Belgium & Holland in 1 Week
Few countries can boast of cities more justly celebrated than Amsterdam, Brussels, and Bruges. Not far behind are Ghent, Antwerp, the Hague, Maastricht, Delft, Leiden, and Luxembourg City, among others. Some of these stellar places can't fit on this itinerary. (Don't blame me: It was you who decided to come for only a week!) Travel between the cities listed here is easy -- I recommend getting around by car or riding Belgium and Holland's excellent trains.
Day 1: Arrive in Amsterdam
Get in early and get going -- time is of the essence! First up is a 1-hour canal cruise. This is the Dutch capital's tourist-trap par excellence, but it is also the very best way to view much of this canal-threaded city in a reasonable time. Now choose just one -- a tough decision that will depend on your own interests -- from Amsterdam's three standout museums: the Van Gogh Museum, the Rijksmuseum, and the Anne Frank House. A walk in the old hippie-paradise Vondelpark to clear your head can be followed by drinks at the Café Americain on Leidseplein. Dine in the evening at a traditional Dutch restaurant like Haesje Claes or an Indonesian one like Tempo Doeloe.
Day 2: The Hague
The Dutch seat of government is a 50-minute train ride from Amsterdam. Parliament is in the heart of town, in the Binnenhof and Ridderzaal, and you can take a guided tour if you've planned ahead. Visit the Koninklijk Kabinet van Schilderijen, in the Mauritshuis palace, for its superb paintings by the Old Dutch and Flemish Masters. Then hop on a tram and take a short ride to the seacoast at Scheveningen, where you can breathe fresh sea air and have coffee at the splendid Kurhaus Hotel before taking the tram back to the Hague to catch a late-afternoon train to Brussels.
Day 3: Brussels
If you don't want to be packing and unpacking every day, lodge in Brussels and do Belgium's other historic cities as easy day trips. In the "capital of Europe," start out at the Grand-Place, taking time to absorb the magnificent old square's architectural details and animated spirit. A date with Rubens, Bruegel, Magritte, and other notable Belgian artists awaits you in the elegant Musées Royaux des Beaux-Arts. Next, you might want to stroll amid trees, fountains, and lawns in the Parc de Bruxelles, and view the Palais Royal and the Belgian Parliament building, the Palais de la Nation, on opposite sides of the park. In the evening, dine at 't Kelderke, a traditional Brussels restaurant on the Grand-Place.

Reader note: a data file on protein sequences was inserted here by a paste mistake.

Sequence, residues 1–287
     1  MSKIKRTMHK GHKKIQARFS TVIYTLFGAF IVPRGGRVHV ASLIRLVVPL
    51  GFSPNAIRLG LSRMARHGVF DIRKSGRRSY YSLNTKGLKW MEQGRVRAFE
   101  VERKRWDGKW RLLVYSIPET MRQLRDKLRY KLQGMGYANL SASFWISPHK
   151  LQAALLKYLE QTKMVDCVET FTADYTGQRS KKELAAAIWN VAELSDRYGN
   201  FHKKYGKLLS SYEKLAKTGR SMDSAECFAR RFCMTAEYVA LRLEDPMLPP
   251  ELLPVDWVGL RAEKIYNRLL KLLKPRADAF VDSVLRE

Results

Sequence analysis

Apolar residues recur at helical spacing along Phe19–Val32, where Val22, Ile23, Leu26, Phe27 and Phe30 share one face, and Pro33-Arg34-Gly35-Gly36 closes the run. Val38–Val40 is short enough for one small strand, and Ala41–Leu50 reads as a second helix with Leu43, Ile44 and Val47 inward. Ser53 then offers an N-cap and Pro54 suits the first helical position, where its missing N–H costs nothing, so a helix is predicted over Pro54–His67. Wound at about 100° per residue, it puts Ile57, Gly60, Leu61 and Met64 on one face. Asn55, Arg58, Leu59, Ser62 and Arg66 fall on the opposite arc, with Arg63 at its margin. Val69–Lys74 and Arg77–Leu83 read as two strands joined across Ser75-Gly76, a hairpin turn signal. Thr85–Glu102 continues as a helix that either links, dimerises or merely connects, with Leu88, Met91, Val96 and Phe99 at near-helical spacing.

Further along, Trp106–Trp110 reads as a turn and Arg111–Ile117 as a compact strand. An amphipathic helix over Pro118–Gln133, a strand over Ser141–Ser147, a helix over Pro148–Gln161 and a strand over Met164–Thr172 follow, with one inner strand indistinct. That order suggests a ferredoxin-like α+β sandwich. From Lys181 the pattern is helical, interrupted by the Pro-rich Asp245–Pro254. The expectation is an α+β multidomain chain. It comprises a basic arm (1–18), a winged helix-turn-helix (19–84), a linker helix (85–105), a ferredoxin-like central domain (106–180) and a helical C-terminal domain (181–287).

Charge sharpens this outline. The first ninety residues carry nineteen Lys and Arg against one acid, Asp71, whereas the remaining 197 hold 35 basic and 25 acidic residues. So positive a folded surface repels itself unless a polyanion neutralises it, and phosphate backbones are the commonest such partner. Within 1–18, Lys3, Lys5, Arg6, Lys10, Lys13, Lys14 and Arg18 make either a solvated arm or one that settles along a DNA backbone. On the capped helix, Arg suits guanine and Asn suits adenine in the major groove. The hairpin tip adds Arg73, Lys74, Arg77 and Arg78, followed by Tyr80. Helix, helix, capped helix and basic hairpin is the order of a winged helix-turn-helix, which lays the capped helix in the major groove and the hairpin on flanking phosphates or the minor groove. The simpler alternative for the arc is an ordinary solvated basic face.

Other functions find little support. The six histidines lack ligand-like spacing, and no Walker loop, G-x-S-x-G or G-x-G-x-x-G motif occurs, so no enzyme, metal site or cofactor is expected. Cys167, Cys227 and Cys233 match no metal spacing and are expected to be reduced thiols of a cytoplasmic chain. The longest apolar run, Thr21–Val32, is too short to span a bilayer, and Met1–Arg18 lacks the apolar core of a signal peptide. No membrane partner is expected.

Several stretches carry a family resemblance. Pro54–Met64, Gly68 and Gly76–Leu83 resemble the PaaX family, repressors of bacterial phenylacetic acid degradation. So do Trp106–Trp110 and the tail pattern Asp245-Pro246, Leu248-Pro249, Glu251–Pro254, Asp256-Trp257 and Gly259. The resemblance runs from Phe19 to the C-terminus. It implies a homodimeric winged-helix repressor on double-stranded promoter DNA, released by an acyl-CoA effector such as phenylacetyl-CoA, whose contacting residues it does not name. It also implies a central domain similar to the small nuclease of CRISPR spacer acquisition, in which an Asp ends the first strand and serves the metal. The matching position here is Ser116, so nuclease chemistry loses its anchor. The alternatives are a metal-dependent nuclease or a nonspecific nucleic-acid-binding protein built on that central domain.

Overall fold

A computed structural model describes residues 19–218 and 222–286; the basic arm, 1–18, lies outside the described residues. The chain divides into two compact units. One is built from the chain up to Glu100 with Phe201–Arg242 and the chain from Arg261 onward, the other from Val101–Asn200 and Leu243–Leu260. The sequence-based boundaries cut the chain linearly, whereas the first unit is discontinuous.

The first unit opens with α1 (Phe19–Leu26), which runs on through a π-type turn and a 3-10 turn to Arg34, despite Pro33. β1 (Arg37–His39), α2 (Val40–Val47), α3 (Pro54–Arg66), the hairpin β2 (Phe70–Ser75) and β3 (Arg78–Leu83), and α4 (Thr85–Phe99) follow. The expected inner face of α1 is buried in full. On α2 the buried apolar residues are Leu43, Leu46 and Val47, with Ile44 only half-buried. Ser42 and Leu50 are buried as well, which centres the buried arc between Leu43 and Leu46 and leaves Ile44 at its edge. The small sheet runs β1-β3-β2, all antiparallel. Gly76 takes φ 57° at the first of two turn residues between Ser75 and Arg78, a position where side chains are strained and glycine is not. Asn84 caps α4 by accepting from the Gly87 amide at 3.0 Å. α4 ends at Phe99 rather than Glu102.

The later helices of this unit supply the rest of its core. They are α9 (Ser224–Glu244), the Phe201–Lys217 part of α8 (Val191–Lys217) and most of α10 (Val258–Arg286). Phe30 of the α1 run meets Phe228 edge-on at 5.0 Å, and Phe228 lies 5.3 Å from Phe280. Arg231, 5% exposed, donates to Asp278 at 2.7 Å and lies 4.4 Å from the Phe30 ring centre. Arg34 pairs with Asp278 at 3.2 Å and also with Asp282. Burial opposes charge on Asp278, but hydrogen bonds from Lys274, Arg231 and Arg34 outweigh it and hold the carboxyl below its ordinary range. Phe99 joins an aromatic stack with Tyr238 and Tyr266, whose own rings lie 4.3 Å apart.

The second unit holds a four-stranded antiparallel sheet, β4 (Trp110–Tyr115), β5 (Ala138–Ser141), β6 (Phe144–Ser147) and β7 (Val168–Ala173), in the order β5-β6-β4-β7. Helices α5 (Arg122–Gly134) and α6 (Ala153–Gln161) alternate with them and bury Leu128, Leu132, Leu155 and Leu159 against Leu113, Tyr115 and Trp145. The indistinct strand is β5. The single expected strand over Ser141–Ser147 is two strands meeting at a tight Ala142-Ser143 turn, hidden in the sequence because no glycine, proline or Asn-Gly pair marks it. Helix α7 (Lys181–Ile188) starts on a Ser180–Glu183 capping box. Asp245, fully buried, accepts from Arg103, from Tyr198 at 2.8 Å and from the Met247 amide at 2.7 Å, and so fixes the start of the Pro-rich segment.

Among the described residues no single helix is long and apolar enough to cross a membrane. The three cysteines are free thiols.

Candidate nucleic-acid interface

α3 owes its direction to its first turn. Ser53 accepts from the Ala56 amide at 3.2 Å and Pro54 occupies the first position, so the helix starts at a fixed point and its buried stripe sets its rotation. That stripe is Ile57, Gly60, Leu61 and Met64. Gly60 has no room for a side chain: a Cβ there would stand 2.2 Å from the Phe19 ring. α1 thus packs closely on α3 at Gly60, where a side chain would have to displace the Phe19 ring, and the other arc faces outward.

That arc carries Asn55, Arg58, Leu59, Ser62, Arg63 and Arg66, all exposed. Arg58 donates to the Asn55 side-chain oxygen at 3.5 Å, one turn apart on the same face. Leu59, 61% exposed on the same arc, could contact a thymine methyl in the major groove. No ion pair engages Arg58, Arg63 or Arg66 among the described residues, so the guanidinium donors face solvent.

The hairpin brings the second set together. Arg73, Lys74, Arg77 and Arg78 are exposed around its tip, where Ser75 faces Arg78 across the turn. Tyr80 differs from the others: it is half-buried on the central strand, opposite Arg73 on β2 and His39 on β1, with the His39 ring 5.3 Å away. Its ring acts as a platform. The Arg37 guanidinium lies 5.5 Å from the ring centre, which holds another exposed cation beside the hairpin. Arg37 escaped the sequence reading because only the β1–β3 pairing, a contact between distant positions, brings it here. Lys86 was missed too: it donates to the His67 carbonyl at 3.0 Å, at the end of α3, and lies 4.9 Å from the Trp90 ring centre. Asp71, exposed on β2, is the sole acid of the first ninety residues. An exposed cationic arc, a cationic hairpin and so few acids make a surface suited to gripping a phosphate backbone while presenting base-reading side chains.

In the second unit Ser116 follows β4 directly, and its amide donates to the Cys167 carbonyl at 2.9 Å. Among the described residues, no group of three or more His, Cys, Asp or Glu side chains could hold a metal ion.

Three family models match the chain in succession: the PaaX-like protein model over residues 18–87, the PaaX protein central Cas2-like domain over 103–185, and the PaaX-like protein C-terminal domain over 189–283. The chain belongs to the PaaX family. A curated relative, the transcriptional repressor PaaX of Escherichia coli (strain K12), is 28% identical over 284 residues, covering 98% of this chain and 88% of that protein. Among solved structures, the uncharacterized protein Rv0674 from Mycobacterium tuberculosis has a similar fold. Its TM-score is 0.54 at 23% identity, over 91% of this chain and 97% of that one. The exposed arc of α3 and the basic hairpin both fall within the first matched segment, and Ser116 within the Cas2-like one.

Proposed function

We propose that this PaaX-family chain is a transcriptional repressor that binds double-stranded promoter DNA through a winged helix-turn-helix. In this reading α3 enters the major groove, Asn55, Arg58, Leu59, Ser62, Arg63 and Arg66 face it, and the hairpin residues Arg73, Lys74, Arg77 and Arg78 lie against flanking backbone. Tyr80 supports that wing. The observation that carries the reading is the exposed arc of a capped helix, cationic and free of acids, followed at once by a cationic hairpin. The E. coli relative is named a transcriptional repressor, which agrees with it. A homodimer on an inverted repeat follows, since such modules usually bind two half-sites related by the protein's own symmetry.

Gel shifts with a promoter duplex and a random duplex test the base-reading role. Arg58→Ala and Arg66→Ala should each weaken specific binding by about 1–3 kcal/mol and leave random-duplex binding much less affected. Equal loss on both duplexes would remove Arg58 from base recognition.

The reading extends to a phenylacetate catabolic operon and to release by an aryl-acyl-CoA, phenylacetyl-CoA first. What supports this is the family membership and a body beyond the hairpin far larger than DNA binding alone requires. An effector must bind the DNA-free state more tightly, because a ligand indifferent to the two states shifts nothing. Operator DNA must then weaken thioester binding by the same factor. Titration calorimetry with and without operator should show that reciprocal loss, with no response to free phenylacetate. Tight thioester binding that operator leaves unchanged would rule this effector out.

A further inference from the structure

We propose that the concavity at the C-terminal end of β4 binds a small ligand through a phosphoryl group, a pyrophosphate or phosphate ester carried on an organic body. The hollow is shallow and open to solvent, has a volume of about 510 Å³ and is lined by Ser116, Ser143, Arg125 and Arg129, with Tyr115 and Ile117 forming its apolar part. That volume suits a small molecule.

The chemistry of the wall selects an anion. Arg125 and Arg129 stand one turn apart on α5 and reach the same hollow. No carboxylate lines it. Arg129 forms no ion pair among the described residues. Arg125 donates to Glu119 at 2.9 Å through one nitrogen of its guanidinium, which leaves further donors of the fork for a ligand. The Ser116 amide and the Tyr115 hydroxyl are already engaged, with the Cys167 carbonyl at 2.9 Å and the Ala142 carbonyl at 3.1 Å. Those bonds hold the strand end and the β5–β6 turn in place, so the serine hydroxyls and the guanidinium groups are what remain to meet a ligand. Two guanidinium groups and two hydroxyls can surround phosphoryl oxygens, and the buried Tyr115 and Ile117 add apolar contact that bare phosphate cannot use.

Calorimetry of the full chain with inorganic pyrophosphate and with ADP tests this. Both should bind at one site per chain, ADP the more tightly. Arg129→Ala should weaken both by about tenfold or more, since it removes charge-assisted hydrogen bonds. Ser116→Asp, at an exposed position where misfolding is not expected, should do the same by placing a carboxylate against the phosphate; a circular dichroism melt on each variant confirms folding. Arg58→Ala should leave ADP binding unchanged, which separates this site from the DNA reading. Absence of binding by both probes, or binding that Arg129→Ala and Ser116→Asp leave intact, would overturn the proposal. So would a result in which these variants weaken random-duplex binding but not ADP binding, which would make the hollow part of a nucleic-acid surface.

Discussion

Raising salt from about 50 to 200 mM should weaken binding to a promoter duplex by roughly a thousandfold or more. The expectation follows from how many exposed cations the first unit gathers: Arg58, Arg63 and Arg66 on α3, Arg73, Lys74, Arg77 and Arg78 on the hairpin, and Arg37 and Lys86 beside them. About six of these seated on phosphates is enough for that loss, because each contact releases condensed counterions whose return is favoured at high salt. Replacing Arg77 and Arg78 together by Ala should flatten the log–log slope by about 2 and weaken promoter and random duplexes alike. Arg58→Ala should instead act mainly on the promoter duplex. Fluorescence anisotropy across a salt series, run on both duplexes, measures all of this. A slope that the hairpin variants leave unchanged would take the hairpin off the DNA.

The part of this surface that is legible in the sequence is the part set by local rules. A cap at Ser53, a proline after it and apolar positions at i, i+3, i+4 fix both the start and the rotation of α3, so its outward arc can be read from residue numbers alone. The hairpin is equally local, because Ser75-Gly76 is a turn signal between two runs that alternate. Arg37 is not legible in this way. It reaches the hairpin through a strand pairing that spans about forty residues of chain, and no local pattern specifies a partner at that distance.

Day 4: Bruges's Medieval Splendor
By train, Bruges is just an hour from Brussels. Once you arrive, hire wheels at the rail station or at a store in town and you can easily tour the city by bicycle. A must-do is a canal cruise; this will mark you indelibly as a tourist, but what you lose in street cred you'll make up for by seeing a lot in a short time. Later, stroll around the connected medieval Burg and Markt central squares. On the Burg, visit the Basiliek van het Heilig-Bloed for a glimpse of a relic that's said to be drops of Christ's blood; on the Markt, climb the Belfry for splendid city views. Next, head to the Kantcentrum and watch how Bruges's handmade lace is crafted.
Day 5: Ghent
Just a half-hour train ride from Brussels, Ghent has a different, thoroughly Flemish, character. Scoot to the center of town by tram, and get your bearings by climbing the stairs or taking the elevator up above the city's rooftops to the 14th-century Belfry's viewing platform. Across elegant Sint-Baafsplein from the Belfry, Sint-Baafskathedraal holds a great medieval artwork: Jan van Eyck's altarpiece The Adoration of the Mystic Lamb (1432). From the cathedral, stroll to the medieval inner harbor along Korenlei and Graslei, past the forbidding castle of the counts of Flanders, the Gravensteen, and then go through the restored medieval Patershol district.
Day 6: Antwerp
Forty minutes by train from Brussels, Antwerp is Belgium's second-largest city. Make the most of your time here by riding a tram to the center of town. Visit the Grote Markt to view its dramatic Brabo sculpture-fountain, and then stop for a bolleke (round glass) of Antwerp's De Koninck beer at the grand old tavern Den Engel on the square. Antwerp means Rubens; to learn more about the artist, go to his former home, the Rubenshuis, and view his paintings at the Museum voor Schone Kunsten. Back at Antwerp Centraal Station, stroll briefly around the city's celebrated (though not exactly handsome) Diamond Quarter before catching your train.
Day 7: Back to Amsterdam
If you have an early flight home from Amsterdam's Schiphol Airport, you'll be happy to know that InterCity Express trains to Amsterdam from Brussels and Antwerp stop at Schiphol. If on the other hand you have time to kill in Amsterdam but don't want to stray too far from Centraal Station, take a short ride onboard a harbor ferry from the Waterplein-West dock behind the station, for fine views of Amsterdam harbor. More time might permit you to visit historic Haarlem.
Note: This information was accurate when it was published, but can change without notice. Please be sure to confirm all rates and details directly with the companies in question before planning your trip.